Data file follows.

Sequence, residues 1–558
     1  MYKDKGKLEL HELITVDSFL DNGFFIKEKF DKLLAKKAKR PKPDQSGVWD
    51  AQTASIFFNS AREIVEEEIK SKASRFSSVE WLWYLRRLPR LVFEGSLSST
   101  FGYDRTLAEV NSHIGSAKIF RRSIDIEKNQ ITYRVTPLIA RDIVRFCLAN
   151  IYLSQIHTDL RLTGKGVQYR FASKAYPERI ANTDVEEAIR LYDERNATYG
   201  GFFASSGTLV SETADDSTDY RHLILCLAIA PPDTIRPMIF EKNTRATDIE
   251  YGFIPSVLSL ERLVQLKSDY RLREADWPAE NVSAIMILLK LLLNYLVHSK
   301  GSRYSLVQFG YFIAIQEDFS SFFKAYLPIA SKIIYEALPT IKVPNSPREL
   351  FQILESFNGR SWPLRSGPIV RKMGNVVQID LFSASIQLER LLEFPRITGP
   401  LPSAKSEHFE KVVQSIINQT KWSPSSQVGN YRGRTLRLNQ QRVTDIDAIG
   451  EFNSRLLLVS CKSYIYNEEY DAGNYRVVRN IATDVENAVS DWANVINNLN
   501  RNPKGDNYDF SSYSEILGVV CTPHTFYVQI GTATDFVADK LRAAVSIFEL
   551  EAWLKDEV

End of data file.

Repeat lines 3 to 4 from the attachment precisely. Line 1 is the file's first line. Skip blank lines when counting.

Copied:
    51  AQTASIFFNS AREIVEEEIK SKASRFSSVE WLWYLRRLPR LVFEGSLSST
   101  FGYDRTLAEV NSHIGSAKIF RRSIDIEKNQ ITYRVTPLIA RDIVRFCLAN